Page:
Born on 7 February 1884, Achille Liénart, while a seminarian, was sympathetic to Marc Sangnier's Sillon movement but when the Sillon became more "political", he turned towards the ACJF movement.
He was ordained in 1907 and became a seminary professor in 1910.
During World War I, he was a military chaplain, who was awarded the Croix de Guerre with six citations as well as the Legion of Honour for his service in the front lines.
After the war, he became involved in the early ecumenical movement and eventually became president of the Judeo-Christian Friendship Association.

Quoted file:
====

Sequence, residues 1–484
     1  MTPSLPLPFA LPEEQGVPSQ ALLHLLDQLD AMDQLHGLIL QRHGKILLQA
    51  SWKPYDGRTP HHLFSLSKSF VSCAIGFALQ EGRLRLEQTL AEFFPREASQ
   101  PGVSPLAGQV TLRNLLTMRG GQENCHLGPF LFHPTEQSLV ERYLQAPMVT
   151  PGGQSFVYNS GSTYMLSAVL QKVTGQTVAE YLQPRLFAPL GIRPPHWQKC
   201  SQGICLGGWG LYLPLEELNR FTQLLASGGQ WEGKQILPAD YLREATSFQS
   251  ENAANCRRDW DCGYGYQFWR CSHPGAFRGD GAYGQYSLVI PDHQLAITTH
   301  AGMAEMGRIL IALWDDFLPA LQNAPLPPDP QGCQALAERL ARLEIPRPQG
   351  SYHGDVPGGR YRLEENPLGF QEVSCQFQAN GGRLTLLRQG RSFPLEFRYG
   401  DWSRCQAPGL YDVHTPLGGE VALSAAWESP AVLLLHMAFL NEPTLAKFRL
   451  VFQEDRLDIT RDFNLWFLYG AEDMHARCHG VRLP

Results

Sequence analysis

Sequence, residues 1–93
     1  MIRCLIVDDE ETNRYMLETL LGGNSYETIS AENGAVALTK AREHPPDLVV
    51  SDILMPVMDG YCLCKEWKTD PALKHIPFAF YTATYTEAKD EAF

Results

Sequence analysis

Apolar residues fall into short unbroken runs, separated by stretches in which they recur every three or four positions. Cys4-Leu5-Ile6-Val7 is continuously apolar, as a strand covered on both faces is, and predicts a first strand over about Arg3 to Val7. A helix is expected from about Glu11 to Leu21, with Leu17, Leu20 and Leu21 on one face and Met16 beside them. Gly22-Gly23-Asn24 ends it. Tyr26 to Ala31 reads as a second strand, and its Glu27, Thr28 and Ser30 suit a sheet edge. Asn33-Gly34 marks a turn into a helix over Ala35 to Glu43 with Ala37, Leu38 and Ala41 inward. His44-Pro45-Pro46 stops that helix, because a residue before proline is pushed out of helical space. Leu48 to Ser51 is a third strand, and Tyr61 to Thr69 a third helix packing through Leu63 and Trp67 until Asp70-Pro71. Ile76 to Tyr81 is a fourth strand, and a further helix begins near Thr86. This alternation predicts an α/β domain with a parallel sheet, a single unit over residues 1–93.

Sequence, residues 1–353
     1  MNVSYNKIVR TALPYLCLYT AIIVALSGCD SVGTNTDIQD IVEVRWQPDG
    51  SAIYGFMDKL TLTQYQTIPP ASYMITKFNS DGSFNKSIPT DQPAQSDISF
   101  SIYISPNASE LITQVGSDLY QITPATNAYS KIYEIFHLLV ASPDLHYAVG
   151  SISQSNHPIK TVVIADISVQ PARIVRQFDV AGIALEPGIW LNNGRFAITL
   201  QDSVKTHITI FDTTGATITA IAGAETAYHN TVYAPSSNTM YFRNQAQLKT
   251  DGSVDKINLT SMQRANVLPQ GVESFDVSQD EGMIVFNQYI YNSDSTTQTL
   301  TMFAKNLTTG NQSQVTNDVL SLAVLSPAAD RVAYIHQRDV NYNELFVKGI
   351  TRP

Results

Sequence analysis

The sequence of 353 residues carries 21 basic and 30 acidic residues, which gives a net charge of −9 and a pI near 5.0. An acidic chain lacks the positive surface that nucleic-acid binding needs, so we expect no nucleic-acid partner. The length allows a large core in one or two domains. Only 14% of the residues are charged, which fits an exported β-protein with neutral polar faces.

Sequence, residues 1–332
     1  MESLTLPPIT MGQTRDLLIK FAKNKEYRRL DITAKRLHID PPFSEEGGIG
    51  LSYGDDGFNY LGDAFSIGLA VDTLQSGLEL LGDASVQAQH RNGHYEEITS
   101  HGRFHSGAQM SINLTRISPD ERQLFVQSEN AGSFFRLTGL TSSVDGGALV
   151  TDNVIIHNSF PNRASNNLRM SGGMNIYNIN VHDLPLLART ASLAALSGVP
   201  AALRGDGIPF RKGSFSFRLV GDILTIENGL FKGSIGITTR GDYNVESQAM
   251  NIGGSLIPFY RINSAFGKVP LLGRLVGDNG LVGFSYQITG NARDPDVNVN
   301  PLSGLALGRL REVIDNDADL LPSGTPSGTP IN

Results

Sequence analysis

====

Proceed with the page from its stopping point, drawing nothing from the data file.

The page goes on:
From the 1920s, he was was involved in social issues.
As soon as the YCW (JOC) was founded in Lille, he became chaplain to one of the first teams.
In 1928, he was named bishop of Lille by Pope Pius XI, who made him a cardinal two years later in recognition for his struggles alongside the workers. As a result he became known as the "red bishop".
From the 1930s, he supported the development of the worker priest movement, which also emerged from the JOC/YCW.
At Vatican II, it was Cardinal Liénart who made the epoch-making intervention at the first working session of the Council on 13 October 1962 which revolutionised Vatican II.
He retired in 1968 and died in 1973.
Testimonies on Cardijn and the JOC/YCW by Cardinal Liénart